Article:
Several Democrats running for their party’s nomination have put economic inequality at the center of their campaigns, touting ambitious plans to address the growing gap between the wealthiest Americans and the rest of the country. But survey data from Gallup released Tuesday suggests that most Americans don’t think the country is starkly divided along economic lines.

A 58 percent majority of U.S. adults say that American society is not divided between “haves” and “have-nots,” while 41 percent say the country is divided that way.

The share who say America is not divided has remained about the same since 2011. In 2008, when the financial crisis was brewing, the percentage of people who said the country was not divided fell to 49 percent. In 1988, the margin was much wider, with 71 percent saying the country was not divided between haves and have-nots.

In the latest Gallup poll, a 57 percent majority of Democrats said the United States was divided into haves and have-nots; 57 percent of independents and 76 percent of Republicans said it was not. Seven in 10 African Americans said the country is divided economically, while about 6 in 10 whites and Hispanics alike say it is not. Those racial differences have persisted in the poll’s history.

Even if most Americans don’t feel their country has a basic economic divide, economic data show a wide and growing gap between the richest Americans and others. A December report by the nonpartisan Center on Budget and Policy Priorities showed that wealth is concentrated among the richest Americans and that income growth has occurred much faster for households in the top 1 percent of the income spectrum than among low- and middle-income households.

Other recent polling shows that at least half of Americans see the wealth gap as a significant problem, even if they are skeptical of a basic divide.

  • A 2018 Pew Research Center poll found a 54 percent majority of Americans who said the gap between the rich and the poor was “a very big problem” in the country while another 28 percent said it was “a moderately big problem.” Two years before that, Pew found similar shares saying the same. The most recent Pew poll found voters who supported Democrats for Congress were 55 percentage points more likely to say the gap was a very big problem than Republican supporters (77 percent vs. 22 percent).
  • A September 2016 PRRI poll found that 52 percent of Americans said the growing gap between rich and poor was a “critical issue” to them, up from 43 percent earlier that year but largely similar to 48 percent in 2015.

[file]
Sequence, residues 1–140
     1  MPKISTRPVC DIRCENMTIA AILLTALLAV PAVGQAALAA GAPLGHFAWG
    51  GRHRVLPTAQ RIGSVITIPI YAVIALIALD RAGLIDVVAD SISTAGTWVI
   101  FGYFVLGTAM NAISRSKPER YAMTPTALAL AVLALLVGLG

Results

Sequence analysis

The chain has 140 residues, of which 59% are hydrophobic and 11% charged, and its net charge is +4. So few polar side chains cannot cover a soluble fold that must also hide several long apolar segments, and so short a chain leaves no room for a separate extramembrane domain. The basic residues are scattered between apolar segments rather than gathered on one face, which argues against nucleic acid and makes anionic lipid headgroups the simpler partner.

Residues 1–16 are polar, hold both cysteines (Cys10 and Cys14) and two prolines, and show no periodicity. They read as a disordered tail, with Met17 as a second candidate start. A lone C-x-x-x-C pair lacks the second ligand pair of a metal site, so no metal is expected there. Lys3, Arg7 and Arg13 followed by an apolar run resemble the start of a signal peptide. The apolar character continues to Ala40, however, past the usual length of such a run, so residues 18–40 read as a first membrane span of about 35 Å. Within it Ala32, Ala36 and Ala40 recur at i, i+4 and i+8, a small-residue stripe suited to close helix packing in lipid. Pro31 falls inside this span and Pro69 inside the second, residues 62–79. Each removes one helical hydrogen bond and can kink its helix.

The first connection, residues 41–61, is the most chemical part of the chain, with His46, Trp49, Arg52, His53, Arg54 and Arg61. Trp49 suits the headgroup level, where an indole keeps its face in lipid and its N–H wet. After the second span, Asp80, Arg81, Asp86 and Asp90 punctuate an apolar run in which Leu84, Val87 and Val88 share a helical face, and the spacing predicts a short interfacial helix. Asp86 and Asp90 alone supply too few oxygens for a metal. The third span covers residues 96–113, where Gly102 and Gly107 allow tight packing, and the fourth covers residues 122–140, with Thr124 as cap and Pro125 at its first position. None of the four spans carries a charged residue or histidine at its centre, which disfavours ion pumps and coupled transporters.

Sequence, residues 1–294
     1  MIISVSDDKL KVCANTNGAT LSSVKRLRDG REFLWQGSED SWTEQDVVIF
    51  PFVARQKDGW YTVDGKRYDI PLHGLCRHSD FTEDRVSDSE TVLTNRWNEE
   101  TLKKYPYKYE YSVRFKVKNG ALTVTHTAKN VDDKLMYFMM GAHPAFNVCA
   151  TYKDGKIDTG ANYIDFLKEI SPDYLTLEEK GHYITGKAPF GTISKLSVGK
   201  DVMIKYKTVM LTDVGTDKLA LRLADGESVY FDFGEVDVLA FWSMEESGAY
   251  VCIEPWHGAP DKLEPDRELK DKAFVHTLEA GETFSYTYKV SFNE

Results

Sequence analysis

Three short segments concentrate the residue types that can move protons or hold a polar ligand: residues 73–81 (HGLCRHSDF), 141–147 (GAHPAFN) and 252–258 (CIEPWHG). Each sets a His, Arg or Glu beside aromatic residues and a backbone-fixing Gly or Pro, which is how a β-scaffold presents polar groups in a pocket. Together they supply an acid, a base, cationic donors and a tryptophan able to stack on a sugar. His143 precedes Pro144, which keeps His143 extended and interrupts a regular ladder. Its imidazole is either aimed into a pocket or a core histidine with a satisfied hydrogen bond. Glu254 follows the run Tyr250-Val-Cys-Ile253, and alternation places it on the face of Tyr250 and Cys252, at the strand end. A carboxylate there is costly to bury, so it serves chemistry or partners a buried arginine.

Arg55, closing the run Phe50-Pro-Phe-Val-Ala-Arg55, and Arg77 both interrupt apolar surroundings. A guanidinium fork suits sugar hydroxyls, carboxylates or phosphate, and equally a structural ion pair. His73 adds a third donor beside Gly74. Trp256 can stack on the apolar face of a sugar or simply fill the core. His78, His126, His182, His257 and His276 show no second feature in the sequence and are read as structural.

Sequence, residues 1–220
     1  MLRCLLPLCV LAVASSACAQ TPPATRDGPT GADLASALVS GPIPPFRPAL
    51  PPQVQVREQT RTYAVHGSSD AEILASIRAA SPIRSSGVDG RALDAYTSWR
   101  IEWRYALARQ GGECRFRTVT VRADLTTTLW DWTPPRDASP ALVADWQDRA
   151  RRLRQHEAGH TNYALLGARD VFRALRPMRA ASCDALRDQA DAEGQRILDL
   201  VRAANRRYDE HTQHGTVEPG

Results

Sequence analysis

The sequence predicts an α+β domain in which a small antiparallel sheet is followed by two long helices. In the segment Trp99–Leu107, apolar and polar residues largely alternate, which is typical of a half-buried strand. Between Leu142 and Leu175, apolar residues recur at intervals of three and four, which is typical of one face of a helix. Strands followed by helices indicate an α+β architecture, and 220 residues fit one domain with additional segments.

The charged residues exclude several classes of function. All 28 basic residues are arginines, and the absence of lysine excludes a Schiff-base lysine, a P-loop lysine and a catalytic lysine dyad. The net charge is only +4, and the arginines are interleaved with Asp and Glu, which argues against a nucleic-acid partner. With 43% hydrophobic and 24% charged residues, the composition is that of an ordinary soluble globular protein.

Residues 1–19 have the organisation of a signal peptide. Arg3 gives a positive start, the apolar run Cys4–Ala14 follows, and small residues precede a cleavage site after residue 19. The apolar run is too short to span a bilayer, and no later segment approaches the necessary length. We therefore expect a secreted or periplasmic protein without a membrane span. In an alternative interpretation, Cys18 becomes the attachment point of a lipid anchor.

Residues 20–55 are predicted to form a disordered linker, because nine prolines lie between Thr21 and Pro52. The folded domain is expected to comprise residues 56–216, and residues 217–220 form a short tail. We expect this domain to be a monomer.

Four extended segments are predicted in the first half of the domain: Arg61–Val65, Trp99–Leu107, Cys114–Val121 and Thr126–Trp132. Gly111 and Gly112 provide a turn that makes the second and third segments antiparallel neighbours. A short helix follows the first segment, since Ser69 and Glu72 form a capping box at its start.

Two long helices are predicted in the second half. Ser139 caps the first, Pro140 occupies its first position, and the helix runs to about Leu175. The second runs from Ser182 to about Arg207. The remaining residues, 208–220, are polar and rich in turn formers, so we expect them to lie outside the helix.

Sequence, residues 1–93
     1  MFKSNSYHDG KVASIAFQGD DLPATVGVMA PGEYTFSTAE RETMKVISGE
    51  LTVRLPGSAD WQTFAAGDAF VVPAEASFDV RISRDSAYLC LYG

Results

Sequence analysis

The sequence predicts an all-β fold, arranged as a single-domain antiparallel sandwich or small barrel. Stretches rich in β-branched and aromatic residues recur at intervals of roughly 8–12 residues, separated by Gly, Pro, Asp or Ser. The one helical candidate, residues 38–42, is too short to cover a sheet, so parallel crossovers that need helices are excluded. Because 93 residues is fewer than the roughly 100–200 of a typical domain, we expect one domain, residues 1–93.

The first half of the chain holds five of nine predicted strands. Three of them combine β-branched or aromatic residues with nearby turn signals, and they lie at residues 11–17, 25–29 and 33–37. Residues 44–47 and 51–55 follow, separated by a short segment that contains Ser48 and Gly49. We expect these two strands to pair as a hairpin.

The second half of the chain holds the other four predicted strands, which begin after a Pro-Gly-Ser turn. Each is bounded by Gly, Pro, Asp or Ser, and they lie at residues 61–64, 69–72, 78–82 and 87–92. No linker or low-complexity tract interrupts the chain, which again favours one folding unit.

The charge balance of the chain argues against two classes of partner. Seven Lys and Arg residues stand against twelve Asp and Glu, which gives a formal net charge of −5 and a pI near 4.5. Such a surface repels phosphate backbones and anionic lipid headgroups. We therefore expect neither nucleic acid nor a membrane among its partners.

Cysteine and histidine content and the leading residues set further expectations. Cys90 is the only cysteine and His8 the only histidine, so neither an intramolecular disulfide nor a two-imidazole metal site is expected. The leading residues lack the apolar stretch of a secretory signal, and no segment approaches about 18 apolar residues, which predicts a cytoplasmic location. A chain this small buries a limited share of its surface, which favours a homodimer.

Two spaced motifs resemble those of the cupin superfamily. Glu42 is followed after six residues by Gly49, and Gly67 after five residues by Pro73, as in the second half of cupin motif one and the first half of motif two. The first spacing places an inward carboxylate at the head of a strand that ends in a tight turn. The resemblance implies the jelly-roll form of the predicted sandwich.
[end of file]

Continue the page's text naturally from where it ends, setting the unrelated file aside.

One reason people may not perceive a basic class divide is that most Americans don’t feel they are economically disadvantaged. The Gallup poll released this week found a 56 percent majority of Americans called themselves “haves” when asked to pick between one of the two groups, while 36 percent said they were “have-nots.”

This self-identification is closely related to personal income, with over 8 in 10 adults with household incomes of $100,000 or more saying they are haves, and over 6 in 10 of those with incomes of $40,000 or less calling themselves have-nots. But perhaps most importantly, among people in the middle of the income range — between $40,000 and $99,000 — about twice as many describe themselves as haves than have-nots.

The public’s skepticism toward a basic economic divide in the country may pose a challenge for some Democrats who have contrasted struggles of ordinary Americans with those who are very wealthy. In her campaign announcement, Sen Elizabeth Warren (D-Mass.) said that “millions and millions and millions of American families are also struggling to survive in the system that has been rigged. Rigged by the wealthy and the well-connected.”

Sen. Bernie Sanders (I-Vt.) has echoed a similar message of making the economy work for all Americans, rather than the top 1 percent.

Warren is expected to introduce a wealth tax on Americans with more than $50 million in assets, and Sanders has a plan to expand the federal estate tax on the wealthy, including a new higher rate on billionaires’ estates.

The economic divide angle does have clear appeal among Democrats they are courting ahead of next year’s primaries, and some of the specific policies they are proposing enjoy majority support with the broader electorate.

  • A CNN poll from earlier this year found 54 percent of Americans in favor of a tax on those whose worth is $50 million or more, including 69 percent of Democrats and 55 percent of independents. A 56 percent majority of Republicans opposed such a plan. The same poll found 52 percent of Americans opposed to raising taxes on incomes of at least $10 million.
  • A CBS News poll also from earlier this year found 54 percent who said “wealthy Americans should pay more in taxes than they do now,” including most Democrats (78 percent) and half of independents (50 percent). A 49 percent plurality of Republicans said the amount wealthy Americans pay in taxes “shouldn’t change.”

When it comes to public opinion, Democratic candidates are on stronger ground advocating policies specifically focused on taxing the wealthiest Americans, rather than arguing the society is afflicted by broader economic divisions.

The Gallup poll was conducted Feb. 12-28, 2019, among a random sample of 1,932 U.S. adults with an error margin of plus or minus three percentage points.

Scott Clement contributed to this report.